Should we? Or do we miss out on the treasures found in unsettling feelings, leading us to a deeper understanding of ourselves?
Being on the (b)right side
Even though we may realise that a lot of emphasis these days is on being vibrant and positive and the bombardment of boosting one-liners on the internet may become a bit much, still the attraction of being on the bright side of life is a powerful one.
– We love to feel positive and up, perhaps because it makes us feel we are more in control of things.
– We feel on top of it, whatever “it” means.
– We feel we are in the right lane, being safe for a moment, joining the happy, carefree bunch.
In fact, we continue to split ourselves up in right and wrong. A good part and a bad part:
The right part is presentable, reassuring us of the love and respect of other people.
The wrong part is reminding us of our loneliness, our fear of not being good enough.
The imprisonment of right and wrong
The effort to stay on the right side keeps us imprisoned and will wear us out in the end.
It denies the deep comfort of allowing ourselves to not know and experience fully the rich tapestry of life, both joyful and painful. It keeps us from honouring our sadness, our vulnerability, our woundedness.
The wrong part is not allowed to be fully present in Western culture. It needs to be fixed, replaced and transcended into something else as soon as possible. Was grief ever praised as a doorway to deeper understanding and healing in an advertisement on television? Was depression ever celebrated as a perfect moment to admit old strategies have run out of purpose in a glossy magazine? Was not-knowing ever promoted as a priceless place to be on a billboard next to the freeway?
Hard to imagine, isn’t it?
Was grief ever praised as a doorway to deeper understanding and healing in an advertisement on television? Was depression ever celebrated as a perfect moment to admit old strategies have run out of purpose in a glossy magazine? Was not-knowing ever promoted as a priceless place to be on a billboard next to the freeway?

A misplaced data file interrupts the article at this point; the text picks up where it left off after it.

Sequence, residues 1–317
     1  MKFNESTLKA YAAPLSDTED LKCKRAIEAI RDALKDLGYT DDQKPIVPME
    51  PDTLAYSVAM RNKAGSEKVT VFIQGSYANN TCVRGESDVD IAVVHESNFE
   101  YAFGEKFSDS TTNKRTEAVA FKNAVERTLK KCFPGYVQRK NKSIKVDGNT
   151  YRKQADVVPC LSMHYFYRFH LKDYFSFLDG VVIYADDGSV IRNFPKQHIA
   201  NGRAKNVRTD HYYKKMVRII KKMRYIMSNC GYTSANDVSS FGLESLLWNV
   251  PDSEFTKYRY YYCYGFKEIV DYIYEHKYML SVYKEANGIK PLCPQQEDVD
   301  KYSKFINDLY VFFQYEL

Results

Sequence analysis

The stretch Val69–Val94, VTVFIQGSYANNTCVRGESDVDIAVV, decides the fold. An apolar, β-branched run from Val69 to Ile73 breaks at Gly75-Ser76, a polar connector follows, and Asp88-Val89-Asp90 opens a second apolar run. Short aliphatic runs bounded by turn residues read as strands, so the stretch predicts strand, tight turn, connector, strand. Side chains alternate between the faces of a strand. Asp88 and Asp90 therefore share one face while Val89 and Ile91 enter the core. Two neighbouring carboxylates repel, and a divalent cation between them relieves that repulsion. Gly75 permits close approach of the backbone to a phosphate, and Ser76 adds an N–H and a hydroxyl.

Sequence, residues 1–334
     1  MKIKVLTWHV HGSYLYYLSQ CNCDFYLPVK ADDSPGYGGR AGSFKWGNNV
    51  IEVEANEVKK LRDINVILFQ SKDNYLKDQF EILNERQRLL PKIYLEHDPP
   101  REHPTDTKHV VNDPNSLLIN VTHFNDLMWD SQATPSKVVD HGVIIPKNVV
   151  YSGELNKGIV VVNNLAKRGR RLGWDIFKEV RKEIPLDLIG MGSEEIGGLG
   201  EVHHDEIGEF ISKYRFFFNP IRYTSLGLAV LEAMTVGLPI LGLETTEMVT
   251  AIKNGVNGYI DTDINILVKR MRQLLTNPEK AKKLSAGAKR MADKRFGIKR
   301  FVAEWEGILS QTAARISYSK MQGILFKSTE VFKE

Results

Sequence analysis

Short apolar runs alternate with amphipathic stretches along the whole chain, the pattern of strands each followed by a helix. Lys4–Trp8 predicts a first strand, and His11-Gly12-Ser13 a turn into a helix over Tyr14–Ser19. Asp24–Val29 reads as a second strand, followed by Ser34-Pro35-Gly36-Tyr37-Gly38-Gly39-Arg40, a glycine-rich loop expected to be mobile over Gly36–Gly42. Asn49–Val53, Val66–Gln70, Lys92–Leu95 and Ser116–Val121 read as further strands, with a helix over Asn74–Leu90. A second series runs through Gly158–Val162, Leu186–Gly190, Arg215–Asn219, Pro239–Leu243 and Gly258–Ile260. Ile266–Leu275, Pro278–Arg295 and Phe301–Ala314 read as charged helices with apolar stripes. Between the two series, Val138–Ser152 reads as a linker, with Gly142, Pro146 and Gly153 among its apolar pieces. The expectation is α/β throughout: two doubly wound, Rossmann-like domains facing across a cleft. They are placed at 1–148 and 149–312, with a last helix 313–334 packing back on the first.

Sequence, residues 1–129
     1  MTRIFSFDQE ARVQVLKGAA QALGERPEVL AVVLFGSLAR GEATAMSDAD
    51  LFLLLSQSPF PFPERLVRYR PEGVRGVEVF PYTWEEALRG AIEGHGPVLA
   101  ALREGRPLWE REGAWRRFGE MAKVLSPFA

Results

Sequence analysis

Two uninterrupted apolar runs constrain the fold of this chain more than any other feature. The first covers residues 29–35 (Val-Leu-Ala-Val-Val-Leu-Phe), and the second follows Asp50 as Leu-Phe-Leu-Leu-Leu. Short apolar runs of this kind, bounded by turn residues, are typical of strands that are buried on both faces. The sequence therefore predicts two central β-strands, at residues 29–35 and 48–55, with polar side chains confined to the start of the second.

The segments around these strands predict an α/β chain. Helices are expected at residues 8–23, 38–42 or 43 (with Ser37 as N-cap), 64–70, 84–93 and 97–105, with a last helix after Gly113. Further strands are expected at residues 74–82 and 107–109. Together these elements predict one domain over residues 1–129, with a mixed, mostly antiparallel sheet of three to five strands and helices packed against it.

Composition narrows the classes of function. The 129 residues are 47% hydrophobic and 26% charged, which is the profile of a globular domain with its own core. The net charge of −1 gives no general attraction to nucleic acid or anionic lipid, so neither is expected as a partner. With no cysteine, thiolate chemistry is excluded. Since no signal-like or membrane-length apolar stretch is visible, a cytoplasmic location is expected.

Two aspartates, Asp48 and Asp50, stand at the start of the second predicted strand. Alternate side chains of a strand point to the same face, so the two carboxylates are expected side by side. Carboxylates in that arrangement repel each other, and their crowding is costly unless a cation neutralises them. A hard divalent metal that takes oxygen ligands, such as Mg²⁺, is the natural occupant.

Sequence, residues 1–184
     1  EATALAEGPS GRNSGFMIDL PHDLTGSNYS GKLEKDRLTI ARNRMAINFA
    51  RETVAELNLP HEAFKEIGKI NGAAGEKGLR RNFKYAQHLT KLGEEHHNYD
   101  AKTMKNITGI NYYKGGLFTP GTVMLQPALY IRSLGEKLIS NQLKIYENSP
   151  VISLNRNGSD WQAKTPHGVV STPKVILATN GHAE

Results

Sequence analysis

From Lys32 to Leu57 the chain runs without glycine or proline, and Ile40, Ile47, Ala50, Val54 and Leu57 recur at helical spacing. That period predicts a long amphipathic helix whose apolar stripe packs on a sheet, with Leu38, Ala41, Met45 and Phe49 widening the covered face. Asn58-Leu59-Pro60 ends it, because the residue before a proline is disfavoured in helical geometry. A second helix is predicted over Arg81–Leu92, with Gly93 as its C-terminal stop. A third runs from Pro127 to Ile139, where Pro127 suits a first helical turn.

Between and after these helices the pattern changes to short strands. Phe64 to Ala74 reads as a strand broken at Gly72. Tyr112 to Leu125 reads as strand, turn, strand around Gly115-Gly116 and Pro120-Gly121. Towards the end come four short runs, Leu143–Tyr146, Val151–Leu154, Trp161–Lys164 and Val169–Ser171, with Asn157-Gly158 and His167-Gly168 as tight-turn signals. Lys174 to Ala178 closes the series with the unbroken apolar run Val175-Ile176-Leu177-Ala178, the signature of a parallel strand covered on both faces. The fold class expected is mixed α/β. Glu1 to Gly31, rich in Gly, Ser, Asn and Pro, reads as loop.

I believe it is time to wake up to the treasures of the ‘wrong’ part. How can we be afraid of what is already ours?
We are alienated from our fear, our hopelessness and doubts. Instead of meeting them and finding ourselves in the heart of the experience, we turn away, fearing their presence. Doctors gladly help out by prescribing sedating medicine, unaware of its effect; the affirmation that we are in the wrong lane and we need fixing. Sedation may ease the pain, but it instils even more distrust in our capacity to find healing in what we feel.
It is not because we don’t have the courage. I find most people to be quite courageous. We just learned that is it the wrong part of us, the wrong way to go.
Healing the split inside
Again, the time may have come to start healing the split inside. To look at our unsettling feelings and emotions not as bad news, but as a source of truth and wisdom, welcoming them as long lost friends. Sometimes, the only way is down, balancing our highs and melting old ideas about who we are.
So where to begin?
Start where you are
Any moment is the right moment. Life will always provide you with the material you need…
Sit with yourself, just meet what is there.
What overwhelms us mostly is the story about what we experience. We’ve been told, and have been telling ourselves, that connecting to, let’s say, indecisiveness will only make it worse. We fear it will drag us down and destroy us. We are looking for a way out, isn’t that suppose to be the solution?
This is actually the story. It is our belief about decisiveness.
Meeting the feeling, however, is story-less. It is meeting intelligent energy, that will start unfolding its layers the moment you touch it with your conscience. It will open like a flower once you stay open and present, sharing its true nature with you.
Meeting feelings in a safe way
In learning to connect with a painful or disturbing feeling, make sure you are rooted in the present moment and won’t be distracted. Sit down with it in a safe place, making yourself comfortable. Set a certain time for your “meeting”. It may be very helpful to write down what you have experienced, it will ground and validate what came up.
Try to be as open as you can! There is no right or wrong experience, just trust the process…
A meditation to practise with
In my class Room for vulnerability you will find a meditation to guide you in making room for downbeat feelings, inviting you to meet vulnerability, insecurity or whatever feeling needs your attention…
Wishing you a healing practice,